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I've been gardening and writing about gardening for more than 20 years, yet I find I'm always learning new things about the plants, insects and other critters that call my backyard home. That's the great thing about gardening — it's never boring! I've worked as a landscaper, on an organic farm, as a research technician in a plant pathology lab and ran a small cut-flower business, all of which inform my garden writing. Someone once asked me when I'll be finished with my gardens, to which I replied, "Never!" For me, gardening is a process, not a goal.
I can't help but cringe when I browse the perennial section of seed catalogs and see finicky flowers like Himalayan blue poppy without any comments about the challenges of starting them from seed or how many years it will take the plants to bloom. Some perennials are notoriously finicky to grow from seed; others are as easy to grow as cosmos and zinnias.
In this article you'll find ten easy-to-grow perennials that usually bloom in their first growing season if you give them a head start by sowing the seed indoors in early spring. Starting perennials from seed is similar to starting vegetables and annual flowers with a few exceptions, noted below. For general how-to information, see How to Start Seeds, which is a comprehensive guide.
Be patient. Seeds for the perennials in this list are typically slower to germinate than seeds you might be familiar with growing. Zinnias, for example, may germinate in less than a week, while some of these perennials may take up to a month to sprout. Start seeds eight to 10 weeks before your last frost date. It's a good idea to label pots with not only the type of seed, but also the date of sowing and the average days to germination. In most cases, give seeds at least a month to germinate.
Deep-Root Seedstarting System
Provide the proper conditions. Most of the perennial seeds described below germinate best when exposed to light, so scatter a very thin layer of soil over the seeds or press them onto the surface to ensure good seed-to-soil contact. One of the keys to starting seeds is making sure the germinating seeds don't dry out; this can be especially challenging with surface-sown seeds. To maintain moisture, use a covered seedstarting kit, such as the Deep-Root Seedstarting System or place the pots in a loosely tied, clear plastic bag. Unless otherwise indicated on the seed packet, seeds germinate best at warm room temperature (70-75 degrees F); after germination, place pots in cool room temperature (around 65 degrees F) for best growth.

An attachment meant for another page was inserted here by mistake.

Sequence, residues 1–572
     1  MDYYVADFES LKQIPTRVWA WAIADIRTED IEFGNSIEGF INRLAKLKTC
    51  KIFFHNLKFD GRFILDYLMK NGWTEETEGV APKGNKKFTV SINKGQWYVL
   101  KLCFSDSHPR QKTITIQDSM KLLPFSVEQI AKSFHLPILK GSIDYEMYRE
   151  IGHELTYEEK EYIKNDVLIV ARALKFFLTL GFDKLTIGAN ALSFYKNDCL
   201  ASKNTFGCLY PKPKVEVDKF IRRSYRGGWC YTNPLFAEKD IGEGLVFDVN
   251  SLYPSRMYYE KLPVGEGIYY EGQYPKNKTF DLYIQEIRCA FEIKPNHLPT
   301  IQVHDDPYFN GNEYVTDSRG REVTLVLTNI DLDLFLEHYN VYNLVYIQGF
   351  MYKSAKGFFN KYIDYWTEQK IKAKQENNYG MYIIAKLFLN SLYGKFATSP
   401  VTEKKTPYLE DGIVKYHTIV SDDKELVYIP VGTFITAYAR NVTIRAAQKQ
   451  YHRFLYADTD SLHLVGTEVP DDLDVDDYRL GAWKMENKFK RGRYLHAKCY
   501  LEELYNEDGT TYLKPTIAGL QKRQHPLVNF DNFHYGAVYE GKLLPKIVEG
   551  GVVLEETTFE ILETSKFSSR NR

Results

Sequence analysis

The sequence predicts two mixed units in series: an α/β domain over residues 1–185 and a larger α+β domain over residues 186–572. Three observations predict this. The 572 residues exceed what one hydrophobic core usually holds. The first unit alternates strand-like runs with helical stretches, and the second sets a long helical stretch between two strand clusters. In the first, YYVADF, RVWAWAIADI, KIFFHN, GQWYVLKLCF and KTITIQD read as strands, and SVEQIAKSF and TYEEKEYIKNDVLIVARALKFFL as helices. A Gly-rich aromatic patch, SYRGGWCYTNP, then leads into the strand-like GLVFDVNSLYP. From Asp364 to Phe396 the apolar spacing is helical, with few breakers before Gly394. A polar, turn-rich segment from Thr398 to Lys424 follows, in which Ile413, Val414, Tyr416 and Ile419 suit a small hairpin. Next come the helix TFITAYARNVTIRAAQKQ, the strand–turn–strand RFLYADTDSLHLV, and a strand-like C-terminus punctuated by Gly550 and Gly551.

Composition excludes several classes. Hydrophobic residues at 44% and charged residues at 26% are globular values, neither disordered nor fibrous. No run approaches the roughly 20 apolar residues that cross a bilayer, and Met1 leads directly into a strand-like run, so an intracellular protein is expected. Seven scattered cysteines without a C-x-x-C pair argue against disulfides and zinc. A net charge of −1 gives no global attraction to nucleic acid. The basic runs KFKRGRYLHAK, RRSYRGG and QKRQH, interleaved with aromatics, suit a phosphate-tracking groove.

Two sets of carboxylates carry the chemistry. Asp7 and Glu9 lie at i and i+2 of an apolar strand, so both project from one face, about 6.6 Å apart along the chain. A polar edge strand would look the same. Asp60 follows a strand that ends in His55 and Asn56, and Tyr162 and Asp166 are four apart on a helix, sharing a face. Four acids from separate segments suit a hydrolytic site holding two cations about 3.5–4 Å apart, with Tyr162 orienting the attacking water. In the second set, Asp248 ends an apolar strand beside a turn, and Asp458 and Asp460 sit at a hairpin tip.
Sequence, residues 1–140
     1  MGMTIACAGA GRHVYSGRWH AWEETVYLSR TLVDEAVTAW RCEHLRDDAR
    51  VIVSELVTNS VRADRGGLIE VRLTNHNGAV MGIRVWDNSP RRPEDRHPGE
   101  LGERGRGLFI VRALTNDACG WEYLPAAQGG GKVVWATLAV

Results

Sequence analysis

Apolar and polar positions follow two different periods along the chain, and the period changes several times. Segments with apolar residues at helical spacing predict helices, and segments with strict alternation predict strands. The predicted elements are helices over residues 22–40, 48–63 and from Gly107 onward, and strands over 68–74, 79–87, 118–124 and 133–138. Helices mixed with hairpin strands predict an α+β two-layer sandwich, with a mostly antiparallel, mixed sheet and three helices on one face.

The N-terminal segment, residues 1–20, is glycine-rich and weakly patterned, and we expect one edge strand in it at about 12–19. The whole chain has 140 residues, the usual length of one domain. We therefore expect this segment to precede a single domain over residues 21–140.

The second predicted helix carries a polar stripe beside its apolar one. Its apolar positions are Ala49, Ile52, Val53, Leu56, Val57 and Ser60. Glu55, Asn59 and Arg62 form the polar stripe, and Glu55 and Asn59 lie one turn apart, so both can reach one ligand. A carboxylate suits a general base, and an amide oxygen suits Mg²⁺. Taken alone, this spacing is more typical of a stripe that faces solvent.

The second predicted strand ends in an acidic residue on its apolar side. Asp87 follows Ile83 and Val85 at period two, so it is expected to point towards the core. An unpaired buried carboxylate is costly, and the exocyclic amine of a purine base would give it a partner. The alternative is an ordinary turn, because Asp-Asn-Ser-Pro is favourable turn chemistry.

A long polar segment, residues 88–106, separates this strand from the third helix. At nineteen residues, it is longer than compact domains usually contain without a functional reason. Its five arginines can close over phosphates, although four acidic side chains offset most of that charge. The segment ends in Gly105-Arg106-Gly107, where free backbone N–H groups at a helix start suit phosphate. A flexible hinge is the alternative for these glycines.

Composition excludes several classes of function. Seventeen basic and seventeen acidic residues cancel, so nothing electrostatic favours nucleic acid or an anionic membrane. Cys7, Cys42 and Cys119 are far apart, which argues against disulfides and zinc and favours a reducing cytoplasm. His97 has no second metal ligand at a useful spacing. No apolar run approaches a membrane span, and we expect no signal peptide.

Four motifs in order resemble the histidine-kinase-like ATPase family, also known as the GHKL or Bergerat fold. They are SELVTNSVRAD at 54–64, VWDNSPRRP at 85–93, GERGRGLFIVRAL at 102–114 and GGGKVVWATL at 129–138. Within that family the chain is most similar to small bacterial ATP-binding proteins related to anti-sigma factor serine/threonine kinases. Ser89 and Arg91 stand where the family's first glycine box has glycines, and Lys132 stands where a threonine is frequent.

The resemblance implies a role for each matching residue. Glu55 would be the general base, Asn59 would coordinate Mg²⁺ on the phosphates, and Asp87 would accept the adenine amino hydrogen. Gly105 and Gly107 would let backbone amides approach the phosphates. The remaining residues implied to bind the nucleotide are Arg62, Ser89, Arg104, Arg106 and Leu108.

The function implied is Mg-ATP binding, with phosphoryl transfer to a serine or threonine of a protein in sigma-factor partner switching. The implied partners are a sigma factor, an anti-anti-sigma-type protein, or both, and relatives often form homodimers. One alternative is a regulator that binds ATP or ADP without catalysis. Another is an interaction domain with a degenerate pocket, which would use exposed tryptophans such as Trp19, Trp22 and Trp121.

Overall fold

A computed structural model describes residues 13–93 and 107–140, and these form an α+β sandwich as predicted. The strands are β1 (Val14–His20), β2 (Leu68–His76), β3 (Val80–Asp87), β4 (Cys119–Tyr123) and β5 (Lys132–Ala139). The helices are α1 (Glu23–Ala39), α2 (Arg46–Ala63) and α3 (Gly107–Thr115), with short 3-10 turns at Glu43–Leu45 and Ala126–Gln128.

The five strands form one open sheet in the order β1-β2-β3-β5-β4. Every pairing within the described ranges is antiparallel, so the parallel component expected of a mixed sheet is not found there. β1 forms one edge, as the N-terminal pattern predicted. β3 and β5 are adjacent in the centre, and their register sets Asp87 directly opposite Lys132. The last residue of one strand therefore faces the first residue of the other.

Use supplemental light. If you're hoping for flowers the first year, you need to give the seedlings plenty of light so they're in top form when you set them out in the garden. If you're starting seeds indoors, you will probably need to use grow lights. A well-made grow light stand, with adjustable-height, full-spectrum lights, is your best bet.
Purchase seeds from a good supplier.
Although you might be tempted to create new plants from seed you've saved, keep in mind that plants might not look exactly like the parent plant, especially if the parent is a hybrid. There may be wide variation in plant size, flower color and other characteristics. For consistent results, use purchased seeds for hybrid varieties.
This easy-to-grow plant forms a tidy clump and produces abundant flowers (usually golden yellow) starting in early summer. Flowers are beautiful in bouquets and attract butterflies and birds.
Beautiful in rock gardens and other sites that have gooddrainage, maiden pinks form a low-growing mat of foliage topped by flowers in late spring. Foliage is evergreen year-round in mild climates. Flowers may be solid colors or have contrasting eyes.
Mounding plants with aromatic foliage are covered with flower spikes over a long season. Plants grow 10-14″ tall, are relatively carefree and the flowers attract hummingbirds and pollinators. Catmint is less attractive to (and less likely to be destroyed by) cats than its cousin, catnip (Nepeta cataria).
This clump-forming perennial grows 3-4 ft. tall and bright golden yellow, sunflower-like blooms starting in midsummer and continuing into fall. Attracts butterflies; perfect for cut flowers.
A cross between two native Gaillardia species, this blanket flower forms mounds of gray-green foliage topped by large, daisylike flowers in shades of yellow, orange and red. Flowers are attractive to butterflies and are beautiful in bouquets.
With velvety silver-gray foliage and white, pink or magenta flowers, rose campion is a favorite in informal cottage gardens. Although individual plants are relatively short lived, they freely self-sow to form permanent stands. The plant grows to 2-3 ft. tall and blooms in midsummer.
Tall and airy, with delicate flowers on thin stems that resemble hovering butterflies, gaura blooms from late spring into fall. At 3-4 ft. tall, this North American native is ideal for planting behind and between shorter, larger-flowered perennials. Also excellent in bouquets.
Here are a few other perennials that may flower their first year from seed:
Last updated: 3/12/19
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